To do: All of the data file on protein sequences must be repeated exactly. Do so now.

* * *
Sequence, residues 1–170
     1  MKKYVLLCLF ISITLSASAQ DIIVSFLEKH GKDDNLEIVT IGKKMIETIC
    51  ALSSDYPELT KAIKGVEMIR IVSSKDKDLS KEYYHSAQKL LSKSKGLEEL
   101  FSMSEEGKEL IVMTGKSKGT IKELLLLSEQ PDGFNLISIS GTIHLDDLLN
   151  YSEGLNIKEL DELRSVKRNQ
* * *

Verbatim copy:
Sequence, residues 1–170
     1  MKKYVLLCLF ISITLSASAQ DIIVSFLEKH GKDDNLEIVT IGKKMIETIC
    51  ALSSDYPELT KAIKGVEMIR IVSSKDKDLS KEYYHSAQKL LSKSKGLEEL
   101  FSMSEEGKEL IVMTGKSKGT IKELLLLSEQ PDGFNLISIS GTIHLDDLLN
   151  YSEGLNIKEL DELRSVKRNQ